The PCR-RFLP analysis was used to detect the IVS3 + 5 G → A mutation in the other 13 unrelated B3 individuals and in 30 randomly selected group B individuals. Twelve of the other 13 B3 individuals (Figure 2, lanes 2-13) had one allele with the IVS3 + 5G → A mutation at their ABO loci, as did the B3 propositus (lane 1), while none of the 30 group B individuals possessed the mutation (one of the results is shown in Figure 2, lane B). Further analysis demonstrated that all of the 12 B3 individuals with the IVS3 + 5G → A mutation were heterozygotes with one Oallele as in the B3 propositus (data not shown). These results show that 13 of the 14 B3 individuals possess theB gene with the IVS3 + 5G → A mutation, while the mutation is virtually absent in the general group B population. One B3 individual did not possess the mutation in theB gene (Figure 2, lane 14).
One B3 individual possesses the B gene with 247G → T missense mutation
The ABO gene of the B3 individual without the IVS3 + 5G → A mutation was analyzed as described above. This B3 individual was shown to have aB/O1 genotype, and a nucleotide change of 247G → T (translation initiation codon of ABOcDNA as nucleotides 1 to 3) was identified in the B gene. The 247 position locates in the exon 6 region, and the G → T mutation predicts an Asp83Tyr amino acid alteration. The nucleotide 247 position of the ABO genes of 30 group B individuals was inspected through PCR amplification and sequencing; none of them possessed a G → T mutation.
Exon 3 is skipped in the transcripts encoded from the Ballele with the IVS3 + 5G → A mutation
As the IVS3 + 5G → A mutation changes the consensus sequence of a splice donor site (GTA/GAGT),15-18 the transcript structures encoded from the B allele with the splice site mutation were inspected by reverse transcription PCR (RT-PCR). Two fragments (559 and 424 bp) were obtained from the RNA sample from the group B individual (Figure 3A, lane B). Direct sequencing of the products revealed that the larger fragment was composed of the complete B exon 2–exon 7 cDNA structure, while the smaller one had the same structure but without the exon 6 region. RT-PCR of the RNA of the B3 individual gave 2 smaller products (502 and 367 bp) (Figure 3A, lane B3). The 502-bp fragment was demonstrated to be the B exon 2–exon 7 structure with exon 3 skipped (Figure 3B), and the 367-bp fragment was the same structure without the exon 3 and exon 6 regions.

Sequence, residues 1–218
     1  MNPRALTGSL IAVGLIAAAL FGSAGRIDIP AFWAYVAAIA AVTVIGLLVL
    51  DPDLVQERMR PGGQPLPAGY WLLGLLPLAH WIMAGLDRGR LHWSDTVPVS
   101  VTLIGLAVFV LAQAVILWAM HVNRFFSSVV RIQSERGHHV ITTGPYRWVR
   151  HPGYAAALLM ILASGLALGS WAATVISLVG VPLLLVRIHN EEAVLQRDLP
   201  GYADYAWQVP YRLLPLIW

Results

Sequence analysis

Although the B3 individual possesses a normalO1v allele, the O1vtranscript was not detected in this RT-PCR analysis. This phenomenon is believed to result from a decreased stability of the Oallele transcript.19 The presence of the transcripts without exon 6 is believed to result from alternative splicing of theABO transcripts.4,20 The transcript with exon 6 skipped develops a translation stop codon at the exon 5–exon 7 junction, and thus is believed to be unable to produce a product with transferase activity.
The complete exon 1–exon 7 transcript of the B gene was shown to be virtually absent in the RNA of the B3individual with the IVS3 + 5G → A mutation, and instead, both of the transcripts encoded from the B3 allele with the splice site mutation skipped exon 3. These results show that the IVS3 + 5G → A mutation in the B gene destroys the consensus of the splice donor site and thus leads to the skipping of exon 3 during mRNA splicing processes (Figure 4).
Exon 3 of the ABO gene comprises 57 bp, and theB3 transcript without exon 3 still retains the reading frame and predicts a protein product that lacks 19 amino acid residues in the N-terminal portion (Figure5). The deleted segment of the 19 amino acids includes several residues of the predicted transmembrane domain of a normal B transferase. Whether this affects or changes the enzyme characteristic of the transferase is worth further investigation.
The authors would like to thank the Taipei Blood Donation Center for help in collecting B3 blood samples.
Prepublished online as Blood First Edition Paper, April 30, 2002; DOI 10.1182/blood-2002-01-0188.
Supported in part by National Health Research Institute grant NHRI-EX90-8601SL (M.L.) and National Science Council grant NSC 90-2320-B-195-004 (L.-C.Y.).
The publication costs of this article were defrayed in part by page charge payment. Therefore, and solely to indicate this fact, this article is hereby marked “advertisement” in accordance with 18 U.S.C. section 1734.
Marie Lin, Transfusion Medicine Laboratory, Department of Medical Research, Mackay Memorial Hospital, 45 Ming-San Rd, Tamshui, Taipei County 251, Taiwan; e-mail:email@example.com.